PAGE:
Hand D is certainly Hand C at a later date. It has made additions on the empty pages ff. 1, 1v, 2, 18, 117, 117v, and 121. Most of the additions are mensural music copied without real understanding of the notation. This script is quite varied, and it can be a bit difficult to determine if all items were done by the same hand. The scribe imitated his exemplars closely, and the texts were carefully drawn to look like printed type, without any personal traits. In four songs he attempted to notate the music in white mensural notation according to the best standards of the period with well-defined angular note shapes. On top of f. 2 Caulaincourt has added his characteristic signature “DE CAULAINCOURT”.

Dating, genesis and provenance

Folio 1 bears on the top of the page the inscription “Missale antiquum”, and in vertical position along the spine of the MS we find a nearly illegible Latin text, which identifies the contents of the MS by mentioning the first and last items in the volume, “Missale imperfectum … officium proprium Ste Barbare virginis et martyris: propter sodalita … corbeiensi … in fine libri … …”. These inscriptions were judging by the style of the writing added sometime during 17th or early 18th centuries. Similar information can be found in a copy of an old catalogue of the library of the Corbie abbey made by Dom Pardessus in 1761, which describes the MS as “Missale. Il se trouve a la fin un office de ste Barbe pour la confrerie de cette ste qui etoit dans l’eglise de Corbie a qui Dom Antoine de Caulaincourt donna ce livre. Antoine de Caulaincourt est mort en 1536. Cotté 105 II.” (Paris, Bibl. Nat., Collection de Picardie, tome 15, f. 9).

This confirms that the two missals and the music manuscript were bound together at an early date, that the St Barbara vespers contrary to their present placement were placed at the end of the volume, and that the volume was donated to the Corbie library by Antoine de Caulaincourt before 1536. Moreover, Caulaincourt’s involvement in the MS is strongly confirmed by his signature on top of f. 2, which is identical to his signatures in the register of the Officialité de Saint-Pierre de Corbie (Paris, Bibl. Nat., ms. lat.17145, ff. 42v-58; cf. Denoël 2010 pp. 89-90 and Plate 4a); Caulaincourt was the officialis of Corbie from 1522.

The original disposition of MS Amiens 162 is easy to reconstruct: The fascicles 1-6 must simply be moved to the back of the MS. Hereby the music manuscript becomes an entity ending with the vespers of St Barbara, and presumably preserved between a cover of which f. 1 is the sole remains (see the Table of the Contents of the reconstructed manuscript). Into this cover Caulaincourt placed an old missal in his possession, which was intact until the 19th century, and before that a fascicle from another, younger missal (“Missale imperfectum …”), and had it all bound. In this shape, the manuscript fits the old catalogue description perfectly.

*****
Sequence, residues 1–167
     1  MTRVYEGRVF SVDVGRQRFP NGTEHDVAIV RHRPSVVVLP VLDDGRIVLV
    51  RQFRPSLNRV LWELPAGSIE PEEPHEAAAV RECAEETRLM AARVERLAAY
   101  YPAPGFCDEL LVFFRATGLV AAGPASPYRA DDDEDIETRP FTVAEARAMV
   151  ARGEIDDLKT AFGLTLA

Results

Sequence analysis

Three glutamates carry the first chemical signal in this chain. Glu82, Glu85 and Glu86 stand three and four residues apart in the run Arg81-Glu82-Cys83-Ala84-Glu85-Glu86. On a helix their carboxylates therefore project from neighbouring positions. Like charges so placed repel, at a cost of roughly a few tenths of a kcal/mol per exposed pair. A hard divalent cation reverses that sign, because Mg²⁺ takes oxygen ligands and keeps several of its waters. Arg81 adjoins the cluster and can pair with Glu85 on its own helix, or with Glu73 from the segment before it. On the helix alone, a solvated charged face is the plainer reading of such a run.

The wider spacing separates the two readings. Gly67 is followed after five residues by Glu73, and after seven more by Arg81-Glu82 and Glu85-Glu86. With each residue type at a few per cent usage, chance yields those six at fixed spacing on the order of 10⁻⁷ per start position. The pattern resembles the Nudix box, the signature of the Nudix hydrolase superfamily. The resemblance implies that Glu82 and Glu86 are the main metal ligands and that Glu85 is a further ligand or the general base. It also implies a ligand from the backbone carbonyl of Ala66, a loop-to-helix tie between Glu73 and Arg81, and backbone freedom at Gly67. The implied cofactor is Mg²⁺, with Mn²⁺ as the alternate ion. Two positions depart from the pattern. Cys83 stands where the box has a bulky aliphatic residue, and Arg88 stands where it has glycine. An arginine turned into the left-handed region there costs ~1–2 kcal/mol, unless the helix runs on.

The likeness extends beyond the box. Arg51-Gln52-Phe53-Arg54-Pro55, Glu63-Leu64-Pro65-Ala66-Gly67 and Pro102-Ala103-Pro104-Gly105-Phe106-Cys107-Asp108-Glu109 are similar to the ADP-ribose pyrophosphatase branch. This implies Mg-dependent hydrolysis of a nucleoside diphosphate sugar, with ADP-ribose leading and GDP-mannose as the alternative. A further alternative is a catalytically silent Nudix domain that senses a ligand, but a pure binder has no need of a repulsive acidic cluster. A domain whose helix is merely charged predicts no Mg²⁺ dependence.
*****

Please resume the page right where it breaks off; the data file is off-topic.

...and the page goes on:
Caulaincourt’s own chronicle of Corbie, Chronicon Corbeiense, which is preserved in a partial autograph in the Bibliothèque Nationale (ms. lat. 17.757), documents the existence of two confraternities in connection with the abbey “et in confraternitatibus sanctarum marie magdalone et barbare martiris” (f. 91). Caulaincourt’s handwriting on these pages and in the register mentioned above is a hasty cursive, angular and quite different from the textura used in MS 162, but surely he mastered formal script as well given his education at Corbie and at the grandes écoles of Amiens. Changes and additions are characteristic features of the books that we know he owned. This is true of the music manuscript, so it is to some degree of the two missals, and still more of a parchment Livre d’heures, printed in Paris by Philippe Pigouchet in 1502 or 1503 (Paris, Bibl. Nat., ms. lat. 18.034) and remade by Caulaincourt in 1530. Its original calendar covering the years 1502-20 according to the use of Cluny was changed into a book of Heures de Corbie for the years 1530-46 by erasures and handwritten additions (see Denoêl 2010, pp. 90-94 and Plates 4-7). Here we find additions in Caulaincourt’s characteristic cursive hand as well as changes made in a textura very similar to the one in MS Amiens 162.

In the light of this obvious urge to change and to put his own stamp (and in some cases his name also) on his books it seems safe to assume that Caulaincourt himself was the writer of much of MS Amiens 162 and of the additions to the other items, and that the Hands B, C and D represents stages in his maturing as a copyist. On the other hand, we have to keep in mind that Caulaincourt, who for some of his career occupied a prominent position in the monastery, might have had assistance from copyists educated in the same tradition. It makes no real difference to the understanding of the genesis of the music manuscript if Caulaincourt did the work himself or could ask an assistant or a fellow monk to do it. And certainly, the changes in the music must have been decided by a person who used the MS regularly.

The assumption that a single person was responsible for not only the assembly of the three MSS in one volume but also for the creation of the music manuscript places Antoine de Caulaincourt (1482-1536/40) in a central role, and it enables us to put up a time frame for its genesis. The preparations before the actual copying, which consisted in the finding and selection of a quite specialized repertory of funeral music and sequences coming from several monastic traditions, indicate access to the resources of a musical centre (see further the Introduction). The provincial town Corbie probably did not offer such resources. The nearby city of Amiens is a better candidate, but Paris must be regarded as the most probable place. This is exactly where Caulaincourt was sent at Easter 1502 in order to study for ten months while living with his older cousin, Jean Le Vasseur, who had a position as professor of theology in Paris besides functioning as prior of the Dominican convent at Saint-Omer and as suffragant bishop of Thérouanne. Caulaincourt departed a few months after the start of the building of a new Abbatiale in Corbie. The demolition of the old church and the plans for the construction of a vast new one probably prompted the abbot Pierre d’Ostrel to prioritize local confraternities, which could assist in supporting the project and take spiritual care of the expanding work force. Here in particular that of St Barbara was relevant, the saint being the patroness of builders and fusiliers. It is highly thinkable that the abbot commissioned the young Caulaincourt while in Paris to procure a collection of polyphonic music suitable to serve this confraternity, namely music of the highest social and liturgical standing, which local singers, not educated in polyphony, were able to perform.